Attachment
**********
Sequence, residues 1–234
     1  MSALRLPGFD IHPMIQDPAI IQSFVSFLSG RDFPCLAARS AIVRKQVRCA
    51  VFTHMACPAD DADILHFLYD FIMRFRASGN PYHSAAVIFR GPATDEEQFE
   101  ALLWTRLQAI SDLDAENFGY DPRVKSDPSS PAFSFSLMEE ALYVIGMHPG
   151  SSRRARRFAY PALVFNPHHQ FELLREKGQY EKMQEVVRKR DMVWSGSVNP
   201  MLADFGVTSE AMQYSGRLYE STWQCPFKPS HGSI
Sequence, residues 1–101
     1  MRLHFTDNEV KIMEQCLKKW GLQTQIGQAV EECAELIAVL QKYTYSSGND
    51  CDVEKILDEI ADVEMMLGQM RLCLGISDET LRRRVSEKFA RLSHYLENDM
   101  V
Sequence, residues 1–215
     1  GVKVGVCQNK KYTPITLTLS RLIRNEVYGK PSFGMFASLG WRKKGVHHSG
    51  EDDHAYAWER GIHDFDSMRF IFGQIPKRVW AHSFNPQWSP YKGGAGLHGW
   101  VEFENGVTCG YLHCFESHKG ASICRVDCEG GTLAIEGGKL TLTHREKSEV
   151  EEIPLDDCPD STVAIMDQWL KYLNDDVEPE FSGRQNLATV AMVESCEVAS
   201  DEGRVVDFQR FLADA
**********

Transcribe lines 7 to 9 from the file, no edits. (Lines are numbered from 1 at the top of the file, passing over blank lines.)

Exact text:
Sequence, residues 1–101
     1  MRLHFTDNEV KIMEQCLKKW GLQTQIGQAV EECAELIAVL QKYTYSSGND
    51  CDVEKILDEI ADVEMMLGQM RLCLGISDET LRRRVSEKFA RLSHYLENDM